Hansen addresses the idea that slavery is sanctioned in the Bible. “Like every other sin you can imagine it’s addressed in the Bible, but at no point does that mean that it’s prescribed… Adultery is talked about – David, one of my heroes in the faith, was an adulterer – but that doesn’t mean for any of us to go do that. Moses murdered someone, and we all admire Moses, but we don’t admire him for that.”

In many cases, slave owners would eventually change their way of thinking, and go on to fight against the practice. “Yes, that’s true. The abolitionists were totally essential to breaking the bonds of slavery. Those were devout, good people.”

Despite a legacy of oppression, there was a corporate strength and identity in the African-American community, which was passed on through successive generations. Music was a primary vehicle.

The spirituals influenced a wide range of subsequent styles, including blues and soul music. “I would say that sacred music from that period is the root of even rock music…Gospel music grew out of the spirituals.”

The 1960s brought the black pride movement, with performers like Curtis Mayfield and James Brown “making an effort to be like that rising tide [that] lifts all.”

And Aretha Franklin. “I think both as the ‘Queen of Soul,’ and also as a gospel artist. She really gets it and gets her message across. That woman has power, she gets the message and she really represents the culture well. [She] makes it very accessible for everyone, it doesn’t matter what color you are or what background you came from, if you’re listening to Aretha you know she’s got her arm around you”

While it grew out of the same traditions, the present day rap and hip-hop culture concerns Hansen. “Rap is taking the culture in a totally different direction than the sacred music did. Rap is the music of the seriously disenfranchised that doesn’t represent a hope the way the sacred music represented a hope for disenfranchised people. Whereas the sacred music can be really inclusive and universal, rap tends to repel people who aren’t part of that micro-culture in black life. Rap is a rebellious music of young people today who are feeling so marginalized and rejecting a lot of traditional culture. Even though the musical form grew out of the same roots as a sacred music, the philosophy didn’t.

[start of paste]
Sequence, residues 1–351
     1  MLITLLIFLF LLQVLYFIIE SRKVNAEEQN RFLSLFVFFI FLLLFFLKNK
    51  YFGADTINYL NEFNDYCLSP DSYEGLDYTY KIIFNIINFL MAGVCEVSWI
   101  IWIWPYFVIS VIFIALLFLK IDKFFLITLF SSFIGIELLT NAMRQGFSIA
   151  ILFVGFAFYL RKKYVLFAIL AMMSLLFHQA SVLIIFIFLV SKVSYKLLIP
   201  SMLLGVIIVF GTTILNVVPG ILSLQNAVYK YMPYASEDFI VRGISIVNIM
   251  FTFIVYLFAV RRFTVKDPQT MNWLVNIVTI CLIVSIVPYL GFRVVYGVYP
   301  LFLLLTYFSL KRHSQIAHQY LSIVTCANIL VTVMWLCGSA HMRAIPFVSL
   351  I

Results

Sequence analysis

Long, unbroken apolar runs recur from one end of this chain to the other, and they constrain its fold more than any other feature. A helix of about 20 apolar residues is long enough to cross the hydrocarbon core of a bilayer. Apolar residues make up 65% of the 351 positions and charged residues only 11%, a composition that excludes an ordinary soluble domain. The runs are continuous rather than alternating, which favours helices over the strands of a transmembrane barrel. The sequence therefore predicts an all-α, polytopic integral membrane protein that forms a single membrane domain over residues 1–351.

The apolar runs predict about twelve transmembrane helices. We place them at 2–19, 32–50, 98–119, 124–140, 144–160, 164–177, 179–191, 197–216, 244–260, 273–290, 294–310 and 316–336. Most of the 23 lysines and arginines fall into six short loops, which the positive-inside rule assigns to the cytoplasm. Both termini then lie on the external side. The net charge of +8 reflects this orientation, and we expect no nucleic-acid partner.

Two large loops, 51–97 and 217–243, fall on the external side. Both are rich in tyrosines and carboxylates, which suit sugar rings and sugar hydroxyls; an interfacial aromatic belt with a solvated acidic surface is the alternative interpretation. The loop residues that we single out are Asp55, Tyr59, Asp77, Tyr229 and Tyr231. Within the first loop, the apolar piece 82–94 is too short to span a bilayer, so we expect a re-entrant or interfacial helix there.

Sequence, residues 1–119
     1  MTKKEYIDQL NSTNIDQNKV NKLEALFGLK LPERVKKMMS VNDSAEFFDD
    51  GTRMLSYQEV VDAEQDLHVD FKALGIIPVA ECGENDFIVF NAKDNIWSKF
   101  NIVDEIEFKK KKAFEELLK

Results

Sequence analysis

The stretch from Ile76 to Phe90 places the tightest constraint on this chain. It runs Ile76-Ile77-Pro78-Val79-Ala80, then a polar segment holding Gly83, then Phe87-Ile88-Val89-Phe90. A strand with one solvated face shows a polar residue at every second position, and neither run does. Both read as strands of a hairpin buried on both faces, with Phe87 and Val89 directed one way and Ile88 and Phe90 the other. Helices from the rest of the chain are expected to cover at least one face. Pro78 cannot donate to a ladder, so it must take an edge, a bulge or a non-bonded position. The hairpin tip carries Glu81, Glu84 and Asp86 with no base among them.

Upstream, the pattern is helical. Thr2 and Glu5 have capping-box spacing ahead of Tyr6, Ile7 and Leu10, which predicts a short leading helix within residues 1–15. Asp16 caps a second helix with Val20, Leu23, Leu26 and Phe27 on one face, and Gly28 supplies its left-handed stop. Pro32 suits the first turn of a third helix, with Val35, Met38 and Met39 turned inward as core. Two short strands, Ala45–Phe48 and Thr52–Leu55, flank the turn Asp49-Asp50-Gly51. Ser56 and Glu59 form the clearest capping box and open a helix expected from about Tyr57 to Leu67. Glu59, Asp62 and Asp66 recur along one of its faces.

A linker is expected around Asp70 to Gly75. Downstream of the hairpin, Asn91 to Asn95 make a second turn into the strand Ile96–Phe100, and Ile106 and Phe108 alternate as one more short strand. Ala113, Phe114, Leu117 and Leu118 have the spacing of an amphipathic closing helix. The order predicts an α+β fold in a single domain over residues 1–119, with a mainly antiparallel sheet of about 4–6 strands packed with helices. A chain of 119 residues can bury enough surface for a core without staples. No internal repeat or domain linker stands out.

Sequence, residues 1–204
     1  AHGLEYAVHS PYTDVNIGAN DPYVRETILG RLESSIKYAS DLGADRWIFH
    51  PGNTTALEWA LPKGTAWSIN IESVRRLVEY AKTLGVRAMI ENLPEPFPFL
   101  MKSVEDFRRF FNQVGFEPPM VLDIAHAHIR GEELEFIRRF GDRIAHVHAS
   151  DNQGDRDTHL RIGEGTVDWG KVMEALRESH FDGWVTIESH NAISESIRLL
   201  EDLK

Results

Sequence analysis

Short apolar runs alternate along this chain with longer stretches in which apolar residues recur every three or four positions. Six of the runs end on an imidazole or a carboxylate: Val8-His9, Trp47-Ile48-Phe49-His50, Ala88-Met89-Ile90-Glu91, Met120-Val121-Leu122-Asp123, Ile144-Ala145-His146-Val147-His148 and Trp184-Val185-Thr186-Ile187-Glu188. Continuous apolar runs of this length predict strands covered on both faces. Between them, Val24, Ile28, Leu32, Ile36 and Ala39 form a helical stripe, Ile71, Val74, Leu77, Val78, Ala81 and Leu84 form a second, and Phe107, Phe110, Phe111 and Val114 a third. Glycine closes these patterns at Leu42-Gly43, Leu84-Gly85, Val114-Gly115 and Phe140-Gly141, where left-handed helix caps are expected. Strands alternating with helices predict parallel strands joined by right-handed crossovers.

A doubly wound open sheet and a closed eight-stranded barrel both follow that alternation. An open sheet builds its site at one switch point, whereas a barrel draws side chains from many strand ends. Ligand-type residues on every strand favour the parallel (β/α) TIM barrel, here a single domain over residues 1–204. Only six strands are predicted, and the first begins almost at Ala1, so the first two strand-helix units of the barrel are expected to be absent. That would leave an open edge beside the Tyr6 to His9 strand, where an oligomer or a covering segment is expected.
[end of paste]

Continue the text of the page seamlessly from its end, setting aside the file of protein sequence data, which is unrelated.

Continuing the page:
“There’s a sense of anger and a sense of exclusion. Excluding other people. It’s like ‘This is us: you have nothing to do with us,’ whereas Gospel music and the spirituals are saying ‘Look, we’re all human beings, we all need to act like it, together.’ That there’s a whole sense of a hope for togetherness and working things out.”

Hansen does find hope in a few current artists; “There are some middle of the roaders, like Queen Latifah, who started off as a rapper, is somebody who I respect enormously, who has a positive message and I think can accomplish incredible things in all areas of art…I can’t wait to see where all she’s going. But then there are other rap artists that really hurt me just in terms of how they depict black womanhood, and in terms of how the black family is depicted. It’s hurtful and hopeless.”

As the book confirms, Hansen is as gifted a writer as she is a singer. “I think – I hope – I’m a good writer. I’m devoted to writing in the Christian genre.” She’s been working with Peter Huchthausen (K-19 The Widow Maker, Hostile Waters). “He and I have a book coming out shortly. He’s doing typical war stories, because that’s what he writes, he’s a maritime historian, a military historian. I’m doing the faith aspect to those, finding God in those hard moments of life.”

In large part, the inspiration for Hansen’s CD goes back to Wingless Angels, a Rastafarian drum and chant group whose repertoire features Wesleyan hymns and spirituals. Richards had co-produced and released their self-titled debut on his own label in 1997.

”That’s sort of what fed my project. I would sit with him, just listening to that and trying to figure out what needed cleaning up or what was going to be included. It was a real education for me just to watch him listen to music, because every time he would listen he was listing for a different element. He might listen to the same song several times, but he wasn’t listening to the same song, if you know what I mean. He and I talked a lot about those songs and so many of those were familiar to me, and I decided I was going to do a CD, which he helped me to do.”

Richards had encouraged her to give up teaching and get serious about singing and ministry. “He told me to stop being so shy about it. Like; ‘Get out there and do it,’ because I guess I was a little reserved.”